About the Speaker:
Writer, critic, consultant and curator, Peter Buchanan was born in Malawi, schooled in Zimbabwe and graduated B.Arch from the University of Cape Town in 1968. He worked as an architect and urban designer/planner in various parts of Africa, Europe and the Middle East before joining the Architect’s Journal and The Architectural Review in 1979, becoming Deputy Editor of the latter in 1982. As a London-based freelance since 1992, he has curated the travelling exhibitions Renzo Piano Building Workshop: Selected Projects and Ten Shades of Green for The Architectural League of New York, written books and served as a consultant on urban design projects and publications. He has published copiously in journals from many countries, and lectured and taught summer schools and master classes in a similarly wide range of places and universities. His many books include the five volumes of Renzo Piano Building Workshop: Complete Works (Phaidon Press) and Ten Shades of Green (WW Norton). Most recently, he wrote The Big Rethink series in The Architectural Review that he is now expending into a book.
Technology comes in many forms, including the poles of hardware/tools and software/ (intellectual) technique. The computer profoundly impacts every aspect of architecture, enhancing our expertise in countless ways – yet it also raises challenges. Not least of these challenges arises precisely because we can now build more or less any form. This raises the question of which forms are appropriate to architecture – and, most especially, to how we as humans relate to buildings?
This question becomes urgent because of the rash of biomorphically-shaped, or parametricist, buildings now being erected. Besides being unrelated to local tradition, these do not frame and articulate urban space nor offer much for humans to relate to. In particular, smooth swooping surfaces inside and out hide all evidence of structure and the static forces (loads) these support and guide to ground. In other words, all dimensions of the tectonic are suppressed.
Yet the argument of the lecture is that the tectonic was vital to modern architecture to help us embodied humans relate, empathically and intellectually, to its buildings. Visible structure provided an easily understood discipline to its forms as well as elements of an orderly companionable presence that are intermediary in scale between us users and the total building.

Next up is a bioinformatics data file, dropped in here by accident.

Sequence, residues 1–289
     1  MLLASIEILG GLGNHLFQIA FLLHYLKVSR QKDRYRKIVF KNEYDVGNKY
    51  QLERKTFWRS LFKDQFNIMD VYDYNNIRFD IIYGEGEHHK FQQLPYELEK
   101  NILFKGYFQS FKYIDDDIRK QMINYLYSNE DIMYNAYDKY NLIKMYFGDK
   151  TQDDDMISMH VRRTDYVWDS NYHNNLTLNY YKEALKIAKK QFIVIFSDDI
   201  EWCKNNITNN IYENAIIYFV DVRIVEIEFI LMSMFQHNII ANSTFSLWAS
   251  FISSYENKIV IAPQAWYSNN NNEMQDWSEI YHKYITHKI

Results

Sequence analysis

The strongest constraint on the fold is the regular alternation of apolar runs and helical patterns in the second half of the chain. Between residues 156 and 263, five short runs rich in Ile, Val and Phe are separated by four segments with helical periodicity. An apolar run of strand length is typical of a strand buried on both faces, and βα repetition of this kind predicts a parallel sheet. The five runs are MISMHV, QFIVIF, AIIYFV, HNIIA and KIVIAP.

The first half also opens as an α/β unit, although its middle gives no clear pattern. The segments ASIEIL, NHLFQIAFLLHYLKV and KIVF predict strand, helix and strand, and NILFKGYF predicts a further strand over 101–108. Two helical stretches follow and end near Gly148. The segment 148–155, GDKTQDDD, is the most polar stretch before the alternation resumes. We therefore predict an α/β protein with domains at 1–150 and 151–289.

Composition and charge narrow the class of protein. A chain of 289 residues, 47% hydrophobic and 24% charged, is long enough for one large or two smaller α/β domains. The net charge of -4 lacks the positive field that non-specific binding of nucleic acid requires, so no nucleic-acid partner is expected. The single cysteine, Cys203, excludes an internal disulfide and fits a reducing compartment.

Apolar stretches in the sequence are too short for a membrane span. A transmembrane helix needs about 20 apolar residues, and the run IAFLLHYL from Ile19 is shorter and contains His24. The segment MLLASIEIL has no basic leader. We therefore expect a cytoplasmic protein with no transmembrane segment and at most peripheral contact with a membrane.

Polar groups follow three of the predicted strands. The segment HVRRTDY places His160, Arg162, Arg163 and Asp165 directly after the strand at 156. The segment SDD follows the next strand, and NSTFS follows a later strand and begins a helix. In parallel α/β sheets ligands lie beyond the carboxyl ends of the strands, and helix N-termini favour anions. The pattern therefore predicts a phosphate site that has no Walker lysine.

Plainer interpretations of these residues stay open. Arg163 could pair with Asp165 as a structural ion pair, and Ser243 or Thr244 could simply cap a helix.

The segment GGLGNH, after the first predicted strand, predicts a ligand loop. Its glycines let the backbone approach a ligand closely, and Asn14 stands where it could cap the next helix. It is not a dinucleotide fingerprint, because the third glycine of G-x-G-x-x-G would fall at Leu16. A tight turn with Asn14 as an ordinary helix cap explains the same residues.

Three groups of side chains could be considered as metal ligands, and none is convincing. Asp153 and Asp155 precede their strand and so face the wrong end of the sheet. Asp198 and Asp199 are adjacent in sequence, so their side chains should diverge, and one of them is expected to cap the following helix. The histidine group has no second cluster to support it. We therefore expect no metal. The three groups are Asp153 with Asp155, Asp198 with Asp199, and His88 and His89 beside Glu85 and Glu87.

The role of tectonics, as well as expressed construction and materials, is thus especially vital in helping us to relate to modern buildings because so many of the ways architecture traditionally elicited relationship – through symbolism, recognisable rhetorical forms, ornament and so on – were not available to it. The lecture will be largely devoted to exploring how tectonics can help us understand, be moved by and otherwise relate to architecture.
After discussing such issues as illustrated by various contemporary and modern buildings, we will quickly adopt the larger temporal fame of a historical perspective to better understand the design challenges we face. The computer is not only being used to suppress the tectonic – which is by no means inevitable – but is also the prime agent in bringing us into an entirely new epoch.
For architecture, a key challenge will be to find, or resurrect, an expanded repertoire of ways in which architecture can relate to other buildings, and so aggregate into satisfactory urban fabric, and elicit relationships with us to help us feel at home in the world. This is a still overlooked dimension of sustainable design. All of this has profound implications for the future of architecture and for architectural education.
This lecture is open to the general public.
The Spring 2014 Public Lecture Series are co-sponsored by “Ronald Lu & Partners (HK) Ltd.” & “Woo, Chow, Wong & Partners (HK) Ltd.” visiting lectureship in architecture.